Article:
Ezekiel 19 is a funeral dirge, a lament already prepared for Zedekiah and his royal officials when Jerusalem falls. Would Zedekiah possibly learn from it? In this dirge are two illustrations. The first is an illustration of a lioness (Israel) and her two cubs. One cub (King Jehoahaz) grew up to be a fierce lion, but when he was strong he was led with hooks (literally in his nose) into captivity in Egypt. Another cub (Jehoiachin) also grew up to be a fierce lion, but he was surrounded, trapped in a net, caged and brought to Babylon, never to return. If these two lion cubs could be captured and caged, what made Zedekiah, a weak cub, think he could do better?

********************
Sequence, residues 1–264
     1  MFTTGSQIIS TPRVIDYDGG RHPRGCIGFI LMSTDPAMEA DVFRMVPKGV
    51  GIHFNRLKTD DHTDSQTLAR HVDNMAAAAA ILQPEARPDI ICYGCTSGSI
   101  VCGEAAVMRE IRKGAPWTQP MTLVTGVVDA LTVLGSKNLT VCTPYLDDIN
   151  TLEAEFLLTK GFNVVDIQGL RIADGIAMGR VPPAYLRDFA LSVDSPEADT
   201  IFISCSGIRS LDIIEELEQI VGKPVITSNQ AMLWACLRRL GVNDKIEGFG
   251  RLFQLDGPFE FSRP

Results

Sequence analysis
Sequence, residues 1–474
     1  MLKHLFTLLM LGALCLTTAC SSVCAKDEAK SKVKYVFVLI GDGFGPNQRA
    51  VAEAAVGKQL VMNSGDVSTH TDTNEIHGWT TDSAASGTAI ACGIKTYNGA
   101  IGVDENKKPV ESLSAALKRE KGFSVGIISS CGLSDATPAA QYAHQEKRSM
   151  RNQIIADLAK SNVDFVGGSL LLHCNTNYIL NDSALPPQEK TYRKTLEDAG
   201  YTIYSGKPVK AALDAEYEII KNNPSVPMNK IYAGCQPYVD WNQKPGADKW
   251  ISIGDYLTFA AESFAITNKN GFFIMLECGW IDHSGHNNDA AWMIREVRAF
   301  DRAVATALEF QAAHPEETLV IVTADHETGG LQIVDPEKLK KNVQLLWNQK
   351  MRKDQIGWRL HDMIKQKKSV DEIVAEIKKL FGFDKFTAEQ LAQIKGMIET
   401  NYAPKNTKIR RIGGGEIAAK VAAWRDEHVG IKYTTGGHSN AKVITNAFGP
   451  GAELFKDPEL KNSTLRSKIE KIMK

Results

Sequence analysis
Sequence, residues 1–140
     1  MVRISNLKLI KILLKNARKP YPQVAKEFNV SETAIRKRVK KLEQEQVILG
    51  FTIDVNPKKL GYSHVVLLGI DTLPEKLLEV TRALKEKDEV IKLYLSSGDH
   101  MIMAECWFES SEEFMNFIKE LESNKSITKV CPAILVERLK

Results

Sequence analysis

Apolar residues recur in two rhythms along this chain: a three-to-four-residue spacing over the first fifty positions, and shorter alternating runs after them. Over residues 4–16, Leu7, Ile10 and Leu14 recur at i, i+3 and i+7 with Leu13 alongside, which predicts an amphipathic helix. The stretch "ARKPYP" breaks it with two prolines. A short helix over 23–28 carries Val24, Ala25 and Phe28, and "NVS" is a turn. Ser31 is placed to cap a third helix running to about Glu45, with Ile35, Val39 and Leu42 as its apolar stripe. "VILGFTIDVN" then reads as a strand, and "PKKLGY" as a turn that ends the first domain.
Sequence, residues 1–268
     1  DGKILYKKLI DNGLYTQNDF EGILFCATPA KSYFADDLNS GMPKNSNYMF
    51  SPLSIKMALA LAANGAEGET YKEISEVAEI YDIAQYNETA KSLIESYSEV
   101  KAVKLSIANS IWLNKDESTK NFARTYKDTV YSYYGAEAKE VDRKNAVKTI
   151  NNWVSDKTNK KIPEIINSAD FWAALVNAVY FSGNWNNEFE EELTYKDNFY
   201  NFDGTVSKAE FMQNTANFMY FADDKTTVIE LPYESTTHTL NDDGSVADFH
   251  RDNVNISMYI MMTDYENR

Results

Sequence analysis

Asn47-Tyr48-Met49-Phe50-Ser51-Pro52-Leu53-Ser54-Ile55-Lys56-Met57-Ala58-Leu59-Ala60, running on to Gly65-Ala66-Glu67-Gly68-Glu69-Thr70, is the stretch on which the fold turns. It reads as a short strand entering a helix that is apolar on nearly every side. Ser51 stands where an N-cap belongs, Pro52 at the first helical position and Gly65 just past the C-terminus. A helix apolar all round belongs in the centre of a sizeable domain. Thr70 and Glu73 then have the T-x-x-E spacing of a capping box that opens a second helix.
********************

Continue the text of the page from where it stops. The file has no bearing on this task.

The second illustration in this funeral dirge is a mother (representing the nation of Judah) who is likened to a healthy vine in a vineyard, planted by the water. She was once fruitful and full of branches (kings), but now she was charred by fire, withered and ready to be blown away. She could produce no more branches. Zedekiah would be the last king until the Messiah, Jesus Christ, would come. Would Zedekiah learn the lesson from the dirge? Unfortunately, no.

What about us? Will we learn the lessons God is teaching us or will we rebel and suffer repercussions? God has already been gracious and merciful to us. God says,

Rid yourselves of all the offenses you have committed, and get a new heart and a new spirit. Why will you die, O house of Israel [or Judah]? For I take no pleasure in the death of anyone, declares the Sovereign LORD. Repent and live!” (Ezekiel 18:31-32, NIV).